“In a society without IP they are slaves.”

This is complete nonsense. Without IP people still have self-ownership and normal property rights. The idea that all rights come from IP is completely unfounded. This kind of Randian hyperbole isn’t helping your cause, Mark.

Mark Hubbard January 28, 2010 at 3:50 pm

Russ makes a good point. The whole notion of PDA’s is just a bureaucratic solution around a single minarchist government, so that anarchists can ‘change the language’ to the extent they’re technically not living in a big bad little state. Properly mandated government fulfills the same function.

And I wonder how PDA’s would get on defending themselves in an age of terrorism where there are barbaric belief systems that hate the West and hate freedom, per se, and would have no compunction on the use of extreme aggression to wipe out freedom, and all enclaves of. Though that’s another topic altogether – or is it? I imagine the armaments industry works on IP?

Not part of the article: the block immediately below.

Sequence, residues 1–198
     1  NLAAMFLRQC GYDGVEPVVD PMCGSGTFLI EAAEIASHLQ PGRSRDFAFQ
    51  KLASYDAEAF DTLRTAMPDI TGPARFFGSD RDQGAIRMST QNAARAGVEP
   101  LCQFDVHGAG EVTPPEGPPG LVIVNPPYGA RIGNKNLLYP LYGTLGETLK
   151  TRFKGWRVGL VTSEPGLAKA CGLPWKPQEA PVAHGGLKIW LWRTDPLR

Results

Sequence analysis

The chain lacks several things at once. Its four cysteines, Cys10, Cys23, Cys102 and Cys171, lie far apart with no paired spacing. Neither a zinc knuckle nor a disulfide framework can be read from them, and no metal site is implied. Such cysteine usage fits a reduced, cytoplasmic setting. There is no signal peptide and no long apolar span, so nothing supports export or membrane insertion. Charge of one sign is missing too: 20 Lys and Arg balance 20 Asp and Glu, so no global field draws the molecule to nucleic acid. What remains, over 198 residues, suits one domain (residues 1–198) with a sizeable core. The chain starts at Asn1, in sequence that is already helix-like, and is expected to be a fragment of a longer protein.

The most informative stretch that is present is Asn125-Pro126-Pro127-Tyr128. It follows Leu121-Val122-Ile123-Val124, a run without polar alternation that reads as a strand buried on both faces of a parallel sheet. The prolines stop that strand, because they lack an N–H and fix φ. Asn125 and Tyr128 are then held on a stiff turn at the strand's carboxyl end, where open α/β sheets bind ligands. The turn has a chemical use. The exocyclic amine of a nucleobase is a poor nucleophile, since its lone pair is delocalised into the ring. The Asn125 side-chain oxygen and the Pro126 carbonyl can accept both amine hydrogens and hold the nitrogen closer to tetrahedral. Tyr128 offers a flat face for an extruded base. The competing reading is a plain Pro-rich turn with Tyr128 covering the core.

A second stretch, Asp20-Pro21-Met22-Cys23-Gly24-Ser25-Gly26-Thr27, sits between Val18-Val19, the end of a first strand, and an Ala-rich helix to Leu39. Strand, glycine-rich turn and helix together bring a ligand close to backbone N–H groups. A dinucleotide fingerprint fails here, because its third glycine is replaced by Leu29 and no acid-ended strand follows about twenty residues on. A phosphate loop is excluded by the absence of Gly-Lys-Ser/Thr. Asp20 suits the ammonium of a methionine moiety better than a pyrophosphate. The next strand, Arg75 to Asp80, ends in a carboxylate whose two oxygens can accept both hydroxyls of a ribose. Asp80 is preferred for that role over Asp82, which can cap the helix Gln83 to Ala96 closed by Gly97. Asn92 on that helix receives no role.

mpolzkill January 28, 2010 at 3:52 pm

Russ: “they would be “little big brother[s]”

Wrong, you can’t fire a big brother.

“Ancapistan” is such an oh-so-cute piece of propaganda as well. Much like Silas’s “IP-free property regimes”. No regime, no rule of any kind is required to refrain from putting copycats in cages, Silas. When we were all closer to full-fledged adults back in the 90s did we used live in no-smoking ban regime. Ridiculous.

mpolzkill January 28, 2010 at 4:01 pm

Arghh, garbled. Should have read something like:

Did we then live under a no-criminalization-for-smoking-in-bars regime.

The eight-hundred pound gorilla in the room is always that if this is the best you can do in convincing people not to copy, you IP advocates will need world-government. And to go out on a limb and define something with Russ around; that’s anti-libertarian.

Mark Hubbard January 28, 2010 at 4:03 pm

Correction, in a society with no IP, if innovators are not slaves, then they are stupid. They will see their effort, and their capital, squandered for the benefit of second handers.

Kinsella says Galt’s Gulch is anarchist: it is anything but. It’s full of innovators escaping those that seek to live off the products of their minds.

Peter Surda January 28, 2010 at 4:14 pm

Dear Russ,

> Security is a human need, even in Ancapistan.
Indeed. But the feelings that are created by your needs can cloud your judgement. In Mark’s case, his desire for security is stronger than that for freedom. That was the point of my post.

mpolzkill January 28, 2010 at 4:15 pm